Some things to read while heeding the sandbox's advice.
As expected, Ryan Braun was out of action last night as the Brewers opened a four game set with the Marlins. Braun was hit by a pitch on the elbow Wednesday night, and Brewer trainer Roger Caplinger held him out for another day.
With Braun out of the lineup, Ken Macha took the opportunity to shake things up a bit, batting Lorenzo Cain in the leadoff spot, Rickie Weeks third, starting Luis Cruz at shortstop and giving Mat Gamel his first major league start in the outfield. Gamel, starting in left field despite the fact that he just started taking fly balls out there Wednesday, went 0-for-2 with a pair of strikeouts and left the game in the sixth inning after being hit by a pitch. Ken Macha said he sees Gamel's future in the outfield, but it'll be tough for him to find time out there with the Brewers.
Meanwhile, Corey Hart remained in the #2 spot and had a big night, going 3-for-5 with a home run, a stolen base and two RBI. The home run was Hart's 30th, and the RBI gave him 96 on the season. David Pinto of Baseball Musings notes that Hart has also set a career high for strikeouts with 127, and says "Corey is swinging harder, missing more, but doing more damage when he connects."
Braun's injury makes it a little less likely, but it's still possible that the Brewers could finish the season with three players with 100 RBI for just the fourth time in franchise history. It would be the first time the trio didn't include Cecil Cooper and Gorman Thomas:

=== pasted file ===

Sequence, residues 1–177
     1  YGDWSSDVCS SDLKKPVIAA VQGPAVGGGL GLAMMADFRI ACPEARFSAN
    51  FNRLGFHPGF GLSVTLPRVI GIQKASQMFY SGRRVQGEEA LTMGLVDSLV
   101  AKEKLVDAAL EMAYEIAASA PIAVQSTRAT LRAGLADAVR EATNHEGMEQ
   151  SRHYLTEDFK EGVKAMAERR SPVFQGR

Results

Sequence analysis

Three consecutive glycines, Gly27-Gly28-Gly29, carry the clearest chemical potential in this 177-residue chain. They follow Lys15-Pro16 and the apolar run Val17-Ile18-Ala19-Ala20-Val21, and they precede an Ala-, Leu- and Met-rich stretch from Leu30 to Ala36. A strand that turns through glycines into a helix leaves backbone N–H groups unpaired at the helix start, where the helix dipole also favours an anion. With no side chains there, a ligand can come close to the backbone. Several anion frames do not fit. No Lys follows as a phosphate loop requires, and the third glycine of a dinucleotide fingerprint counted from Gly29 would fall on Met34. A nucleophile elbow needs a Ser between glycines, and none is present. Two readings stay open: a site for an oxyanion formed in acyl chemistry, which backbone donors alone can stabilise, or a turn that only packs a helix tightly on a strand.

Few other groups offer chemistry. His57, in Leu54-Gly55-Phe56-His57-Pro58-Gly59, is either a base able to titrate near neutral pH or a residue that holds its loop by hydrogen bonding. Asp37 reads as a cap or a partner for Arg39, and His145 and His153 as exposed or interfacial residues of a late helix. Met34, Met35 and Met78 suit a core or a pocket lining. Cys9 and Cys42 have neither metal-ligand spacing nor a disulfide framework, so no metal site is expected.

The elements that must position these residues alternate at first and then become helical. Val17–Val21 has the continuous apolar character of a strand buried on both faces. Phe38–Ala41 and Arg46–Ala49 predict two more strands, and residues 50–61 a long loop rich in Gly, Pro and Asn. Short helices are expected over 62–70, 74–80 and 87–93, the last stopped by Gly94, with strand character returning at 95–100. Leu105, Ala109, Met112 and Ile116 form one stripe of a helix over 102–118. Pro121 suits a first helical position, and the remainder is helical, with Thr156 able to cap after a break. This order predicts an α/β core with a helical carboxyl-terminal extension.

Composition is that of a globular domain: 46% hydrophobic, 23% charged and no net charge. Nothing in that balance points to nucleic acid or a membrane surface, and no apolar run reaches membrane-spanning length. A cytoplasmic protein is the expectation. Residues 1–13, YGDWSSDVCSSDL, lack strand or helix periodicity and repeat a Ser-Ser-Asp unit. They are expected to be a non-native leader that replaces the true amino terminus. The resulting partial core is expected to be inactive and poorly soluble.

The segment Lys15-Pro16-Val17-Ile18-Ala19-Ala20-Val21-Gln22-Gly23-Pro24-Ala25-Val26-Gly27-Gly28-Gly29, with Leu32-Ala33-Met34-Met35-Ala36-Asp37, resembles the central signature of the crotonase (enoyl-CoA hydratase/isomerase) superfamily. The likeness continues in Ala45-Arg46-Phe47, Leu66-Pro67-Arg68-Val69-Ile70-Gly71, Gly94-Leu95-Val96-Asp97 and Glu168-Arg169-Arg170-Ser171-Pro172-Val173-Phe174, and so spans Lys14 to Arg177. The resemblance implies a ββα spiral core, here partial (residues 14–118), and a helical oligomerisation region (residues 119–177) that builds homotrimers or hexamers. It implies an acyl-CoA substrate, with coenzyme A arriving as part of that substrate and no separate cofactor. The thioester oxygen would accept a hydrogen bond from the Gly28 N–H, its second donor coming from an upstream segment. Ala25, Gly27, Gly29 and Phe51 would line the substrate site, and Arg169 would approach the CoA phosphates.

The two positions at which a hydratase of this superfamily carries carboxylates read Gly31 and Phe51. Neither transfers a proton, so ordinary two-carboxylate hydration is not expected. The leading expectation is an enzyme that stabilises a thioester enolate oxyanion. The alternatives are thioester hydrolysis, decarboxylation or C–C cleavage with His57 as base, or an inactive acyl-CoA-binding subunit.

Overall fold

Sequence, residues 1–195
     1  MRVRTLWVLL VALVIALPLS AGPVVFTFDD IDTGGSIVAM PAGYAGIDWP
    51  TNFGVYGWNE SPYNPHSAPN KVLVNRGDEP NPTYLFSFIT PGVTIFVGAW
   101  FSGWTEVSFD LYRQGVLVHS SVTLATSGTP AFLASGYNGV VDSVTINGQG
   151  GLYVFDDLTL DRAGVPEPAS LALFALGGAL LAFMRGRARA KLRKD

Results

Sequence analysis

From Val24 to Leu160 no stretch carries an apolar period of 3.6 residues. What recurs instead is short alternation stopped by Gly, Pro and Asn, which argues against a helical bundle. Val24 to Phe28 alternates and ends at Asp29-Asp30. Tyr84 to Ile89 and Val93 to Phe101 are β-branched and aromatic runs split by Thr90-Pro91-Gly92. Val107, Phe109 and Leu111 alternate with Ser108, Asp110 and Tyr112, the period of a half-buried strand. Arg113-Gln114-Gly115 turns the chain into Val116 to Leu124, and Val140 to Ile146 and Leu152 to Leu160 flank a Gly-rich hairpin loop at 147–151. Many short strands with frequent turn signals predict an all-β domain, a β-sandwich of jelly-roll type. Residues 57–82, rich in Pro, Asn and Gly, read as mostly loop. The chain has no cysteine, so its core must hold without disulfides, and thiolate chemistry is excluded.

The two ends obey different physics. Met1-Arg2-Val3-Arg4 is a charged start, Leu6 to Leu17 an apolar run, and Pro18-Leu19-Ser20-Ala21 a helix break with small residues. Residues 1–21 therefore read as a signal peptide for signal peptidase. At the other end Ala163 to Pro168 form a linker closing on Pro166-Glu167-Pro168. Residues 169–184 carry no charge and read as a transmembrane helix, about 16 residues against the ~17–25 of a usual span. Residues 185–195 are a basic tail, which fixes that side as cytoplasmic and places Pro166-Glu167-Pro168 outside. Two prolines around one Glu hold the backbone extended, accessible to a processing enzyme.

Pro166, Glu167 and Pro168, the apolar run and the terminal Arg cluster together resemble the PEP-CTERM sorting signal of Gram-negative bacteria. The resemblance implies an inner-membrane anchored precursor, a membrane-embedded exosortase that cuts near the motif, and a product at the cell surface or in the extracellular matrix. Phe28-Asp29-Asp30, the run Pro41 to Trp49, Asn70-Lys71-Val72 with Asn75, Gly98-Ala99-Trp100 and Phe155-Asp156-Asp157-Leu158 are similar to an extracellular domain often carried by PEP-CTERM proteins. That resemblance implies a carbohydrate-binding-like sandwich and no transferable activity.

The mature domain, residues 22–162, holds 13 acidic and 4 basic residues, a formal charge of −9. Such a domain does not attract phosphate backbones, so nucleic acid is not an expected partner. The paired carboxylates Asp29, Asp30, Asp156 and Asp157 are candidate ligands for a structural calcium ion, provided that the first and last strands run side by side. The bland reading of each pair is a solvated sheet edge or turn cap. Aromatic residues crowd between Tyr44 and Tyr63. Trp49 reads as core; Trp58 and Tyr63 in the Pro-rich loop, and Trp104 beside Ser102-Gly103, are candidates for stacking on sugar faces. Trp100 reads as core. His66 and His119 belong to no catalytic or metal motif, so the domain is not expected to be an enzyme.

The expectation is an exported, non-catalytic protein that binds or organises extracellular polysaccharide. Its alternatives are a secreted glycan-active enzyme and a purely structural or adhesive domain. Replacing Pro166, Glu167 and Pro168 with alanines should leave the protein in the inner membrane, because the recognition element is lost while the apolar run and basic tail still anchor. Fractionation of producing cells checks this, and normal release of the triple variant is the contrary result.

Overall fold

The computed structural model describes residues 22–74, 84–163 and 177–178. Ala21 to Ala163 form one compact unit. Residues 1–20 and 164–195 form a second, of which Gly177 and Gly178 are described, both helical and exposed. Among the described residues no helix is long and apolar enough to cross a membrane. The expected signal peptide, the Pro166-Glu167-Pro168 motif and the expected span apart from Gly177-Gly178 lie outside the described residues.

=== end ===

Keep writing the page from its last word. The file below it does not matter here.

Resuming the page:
||Cecil Cooper, Ben Oglivie, Gorman Thomas, Robin Yount
||Cecil Cooper, Ben Oglivie, Gorman Thomas
||Cecil Cooper, Sixto Lezcano, Gorman Thomas
Trevor Hoffman didn't pitch again last night, and still hasn't appeared in a game since September 7. Before the game, though, he had lunch with Marlins closer Clay Hensley.
Other notes from the field:
- Marlins pitcher Sandy Rosario made his major league debut in the seventh inning and allowed two home runs (to Rickie Weeks and Prince Fielder) with his first three pitches.
- Wes Helms made an eighth inning pinch hit appearance and, for once, didn't get booed.
- Yovani Gallardo, Corey Hart and Rickie Weeks are leading FanGraphs' Star of the Game voting.
- Here are the MLB.com video highlights.
- The Hot Dog won the sausage race.
With last night's game out of the way all eyes now turn to tonight, with Mark Rogers scheduled to make his first major league start. View From Bernie's Chalet sums up the excitement of seeing a draft pick overcome adversity to make the major leagues. Carson Cistulli of FanGraphs listed Rogers' debut as tonight's second most interesting game.
Rogers also apparently has a little power with the bat: Jordan Schelling is reporting that he hit a ball off the Harley Davidson Deck in batting practice yesterday.
Miller Park Drunk has apparently had enough. At Big League Stew, they penned their Dear John letter to the 2010 Brewers.
Of course, no matter how bad the Brewers get they'll always have 1982: Cecil Cooper's go-ahead single in Game 5 of the 1982 ALCS was voted the top moment in Brewer franchise history.